Beneath the floorboards of Ernest Shackleton’s hut at Cape Royds, Antarctica, rests a couple of crates of vintage Scotch, courtesy of McKinlay and Co, the Scottish company that gifted the bottles to Shackleton as part of his 1909 expedition. They were found in 2006, between the floorboards and the ground, surrounded by ice. “We’ll spend a few days gently chipping away the ice around them, remove them and leave them out in the sun for a while so that the ice melts,” says the expedition leader, Al Fastier. “Then we’ll make a decision on how they will be conserved and finally displayed within the hut.” After which conservation work on the hut at Cape Royds, which has taken four years and involved the restoration of around 5000 artefacts, will be complete.
This season, the Antarctic Heritage Trust’s conservation team will focus most of their efforts on the Terra Nova hut, the 8 x 15 m building erected by members of Captain Robert Falcon Scott’s 1910-1913 British Antarctic Expedition. It was from here that Scott launched his race against Norwegian explorer Roald Amundsen to be the first to reach the South Pole. The hut is the largest and most complex of the buildings from the period, and contains around 10,000 artefacts. It was also listed by the World Monuments Fund as one of the world’s 100 most at-risk architectural treasures, due to the deep layers of ice and snow building up around it. “It was like a mini glacier was pushing into it,” says Fastier.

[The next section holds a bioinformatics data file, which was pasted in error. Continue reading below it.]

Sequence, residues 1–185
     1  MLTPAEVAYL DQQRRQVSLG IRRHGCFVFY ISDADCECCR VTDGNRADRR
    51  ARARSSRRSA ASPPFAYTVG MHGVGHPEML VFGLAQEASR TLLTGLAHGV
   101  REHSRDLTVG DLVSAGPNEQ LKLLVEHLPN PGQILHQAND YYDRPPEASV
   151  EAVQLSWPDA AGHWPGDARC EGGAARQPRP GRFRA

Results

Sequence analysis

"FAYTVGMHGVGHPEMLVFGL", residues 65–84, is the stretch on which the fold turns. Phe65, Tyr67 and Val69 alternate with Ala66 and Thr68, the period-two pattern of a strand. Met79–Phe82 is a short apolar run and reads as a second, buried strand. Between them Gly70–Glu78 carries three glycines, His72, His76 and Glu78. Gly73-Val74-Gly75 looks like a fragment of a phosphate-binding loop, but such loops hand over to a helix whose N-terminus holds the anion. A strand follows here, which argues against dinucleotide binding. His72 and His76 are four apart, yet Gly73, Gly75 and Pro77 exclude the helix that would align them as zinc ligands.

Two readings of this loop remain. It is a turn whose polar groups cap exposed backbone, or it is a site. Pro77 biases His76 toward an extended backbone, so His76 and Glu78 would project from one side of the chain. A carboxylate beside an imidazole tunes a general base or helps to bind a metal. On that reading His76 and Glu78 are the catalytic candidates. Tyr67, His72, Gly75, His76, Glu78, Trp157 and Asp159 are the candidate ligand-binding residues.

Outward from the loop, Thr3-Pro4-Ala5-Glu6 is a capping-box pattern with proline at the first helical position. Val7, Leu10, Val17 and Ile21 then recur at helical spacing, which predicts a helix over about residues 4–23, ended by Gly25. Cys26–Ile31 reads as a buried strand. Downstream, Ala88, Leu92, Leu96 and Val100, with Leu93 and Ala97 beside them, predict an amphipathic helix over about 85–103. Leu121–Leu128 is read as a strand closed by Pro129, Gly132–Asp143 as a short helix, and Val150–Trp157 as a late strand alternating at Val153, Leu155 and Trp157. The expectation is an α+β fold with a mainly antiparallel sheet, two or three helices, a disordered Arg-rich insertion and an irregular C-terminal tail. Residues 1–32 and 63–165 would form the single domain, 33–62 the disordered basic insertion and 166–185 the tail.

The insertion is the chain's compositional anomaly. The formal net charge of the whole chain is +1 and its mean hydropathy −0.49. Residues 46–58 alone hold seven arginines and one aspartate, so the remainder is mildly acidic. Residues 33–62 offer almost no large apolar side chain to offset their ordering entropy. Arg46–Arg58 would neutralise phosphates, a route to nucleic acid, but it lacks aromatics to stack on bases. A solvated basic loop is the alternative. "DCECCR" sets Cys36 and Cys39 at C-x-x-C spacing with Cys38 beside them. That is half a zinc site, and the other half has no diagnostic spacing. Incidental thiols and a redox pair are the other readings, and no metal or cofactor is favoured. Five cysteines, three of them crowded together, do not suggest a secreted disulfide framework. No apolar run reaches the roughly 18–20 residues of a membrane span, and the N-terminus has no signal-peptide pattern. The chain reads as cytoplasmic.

Saving the building from the en-croaching environment has demanded some ingenious solutions from the conservators: installing an aluminium dam around the hut to mitigate flooding that occurred each summer; erecting vortex generators (large wing-like structures) behind the hut to erode snow; and sprinkling scoria over the snow to speed up melting.
Last season, the team also began work on the interior of the hut, which demanded an extraordinary commitment to detail and some imagination. The aged lino was lifted up and rolled onto a drum, which was then suspended as the individual floorboards were removed, each numbered so that it could be replaced exactly where it had lain for the previous century. The team then proceeded to melt the ice beneath the hut, while keeping the humidity levels at less than 50 per cent. (An ice-melter was designed and built in Christchurch, and the water sucked outdoors through what could be described as a massive vacuum cleaner.) The floorboards were then put back exactly as they were, as was every nail. Finally, the strips of lino were laid within a hair’s breadth of their original location.
“It was an unbelievable outcome,” says Fastier. “I think the Antarctic Heritage Trust is leading the world in polar conservation work.” Like most people fortunate enough to have visited Antarctica, he says there’s something extraordinary about these large-scale relics from The Heroic Age. “I’ve seen grown men get tears in their eyes. The spirit of the place is very moving.”